7 Things I Wish I Knew Before Pursuing Political Science In College

For all incoming political science students, this one's for you!
by Chanel Ang   |  May 24, 2023
Art: Anna Louise Flores
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The words typically associated with Political Science (PolSci) majors are ‘argumentative,’ ‘politician,’ and ‘readings.’ While these do have relevance to the course, the stereotypes associated with it can be a bit daunting.

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That said, here are some truths about political science coming from a sophomore student of the course!

  1. The course is not *just* readings

You will still have the lengthy hundreds-of-pages-long Plato and Aristotle works, but the course is so much more than just slogging through text! Political Science is a vibrant field of study through discussion and analysis. 

Your professors don’t just ask about the significance of texts today; they give real-life examples of concepts and how to apply frameworks in the real world! They make you ask yourself fundamental questions such as what democracy means and why it even matters in the first place. They encourage you to think outside of the box by making you look into political frameworks and even create your own!

  1. Trying to understand material—not memorizing—is the most important part

Contrary to popular belief, Political Science is not purely a memorization course. Sure, names and ideologies are important and you should take note of key terms, but they aren’t everything!

The heart of Political Science is working to understand material, and part of that includes both asking and answering questions. More often than not, the best part about the course is  the ideology that asking the question can be more important than finding  the answer. The most crucial thing is realizing  why this question is being asked, then trying to understand further from there!

  1. The subjects don’t breed activism; they actually foster independent thinking

PolSci is said to be a course that only fosters rebellious behavior, when it is actually the opposite. As much as possible, the professors don’t like to impose or discuss their personal ideologies. They instead prefer to talk about the pros and cons of each side and leave things up to the interpretation of the student!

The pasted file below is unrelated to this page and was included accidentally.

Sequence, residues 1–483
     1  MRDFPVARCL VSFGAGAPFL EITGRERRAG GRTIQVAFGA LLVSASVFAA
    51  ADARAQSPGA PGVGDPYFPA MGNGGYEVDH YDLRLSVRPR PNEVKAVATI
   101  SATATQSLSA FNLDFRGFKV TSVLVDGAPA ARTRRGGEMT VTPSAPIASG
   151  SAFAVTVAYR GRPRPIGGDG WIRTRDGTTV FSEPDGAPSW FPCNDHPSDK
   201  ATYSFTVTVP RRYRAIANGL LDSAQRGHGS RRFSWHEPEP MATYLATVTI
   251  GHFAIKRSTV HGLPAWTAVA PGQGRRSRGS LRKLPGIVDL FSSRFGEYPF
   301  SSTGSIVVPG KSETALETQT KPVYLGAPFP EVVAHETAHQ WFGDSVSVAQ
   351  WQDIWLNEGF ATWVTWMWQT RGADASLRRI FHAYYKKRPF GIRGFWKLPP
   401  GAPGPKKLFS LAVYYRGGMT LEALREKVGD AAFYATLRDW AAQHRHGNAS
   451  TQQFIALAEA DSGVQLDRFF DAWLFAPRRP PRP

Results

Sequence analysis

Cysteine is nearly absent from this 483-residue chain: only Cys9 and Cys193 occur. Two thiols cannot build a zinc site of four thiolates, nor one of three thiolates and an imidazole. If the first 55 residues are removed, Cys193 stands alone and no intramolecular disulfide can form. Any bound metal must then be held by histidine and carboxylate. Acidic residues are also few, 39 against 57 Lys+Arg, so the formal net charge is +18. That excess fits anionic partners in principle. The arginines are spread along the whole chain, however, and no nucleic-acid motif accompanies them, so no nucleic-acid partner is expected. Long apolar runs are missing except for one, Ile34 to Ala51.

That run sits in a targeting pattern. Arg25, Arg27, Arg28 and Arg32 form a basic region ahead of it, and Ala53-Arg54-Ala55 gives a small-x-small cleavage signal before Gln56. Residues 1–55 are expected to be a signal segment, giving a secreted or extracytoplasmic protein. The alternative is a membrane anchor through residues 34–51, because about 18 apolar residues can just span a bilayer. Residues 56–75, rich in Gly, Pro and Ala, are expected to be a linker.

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Instructors have been trained to not entangle their personal and professional affairs, so when someone has a different view, the teachers wish to understand why. In that sense, the skill developed here is the ability to think independently and reason out accordingly! 

  1. The discussions in the course are both discouraging and encouraging

Talking about national affairs is a double-edged sword. There are outlooks that suggest good always prevails over evil, and there are others that openly accept that corruption and nepotism render our democratic system beyond repair. It is an interesting yin-and-yang situation that makes the course both hopeful and hopeless.

What you’ll realize, though, is that political science is a gray area. It cannot be classified simply as happy or sad, good or bad, and the like. The field is incredibly complex, and the only way to unravel even parts of it is to soak yourself in the study!

  1. Discipline and diligence are key to doing well

Like any other course, PolSci is a discipline, and it requires that respect. You have to treat it  seriously, which means putting in the time to do the readings, write the outlines, proofread the essays, and polish the presentations.

Your work may not always be perfect, but applying yourself is a general no-fail method to thrive in the course! By managing your time wisely and treating the course with the rigor it deserves, you will be rewarded academically and maybe even personally.

Having that work ethic also grants you a personal connection with your course. At its core, political science is about people, including people you one day want to serve. Treat it that way, and you’ll no doubt navigate it easier.

  1. You’ll figure out your path throughout the course

Another common stereotype about being a Political Science student is you automatically want to be a politician. While there’s nothing wrong with wanting to be one, it’s not the only path! Being a lawyer, political scientist, journalist, professor, and the like are still viable career options post-graduation.


Most importantly, each PolSci major’s journey is different! There are even those who do completely different things after political science, like going into data analytics, consultancy, and even non-governmental organizations. 

  1. You’ll enjoy yourself

All that said, you will enjoy your time in the course! 

Even with insanely long research proposals, last-minute essay assignments, and lengthy readings, it is a thought-provoking and meaningful field. In an ever-changing political landscape, it is actually a breather that helps you express what you feel, think, and envision politics to be. 

Be it through heartfelt reflections, interesting insights from readings, brilliant professors you learn from, or friends you meet along the way, political science will change your life in the best ways possible.

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About the author
Chanel Ang
"Parang iniisip ng mga tao na mataray ako, suplado, but actually may nafi-feel kasi ako sa umaga na bigat."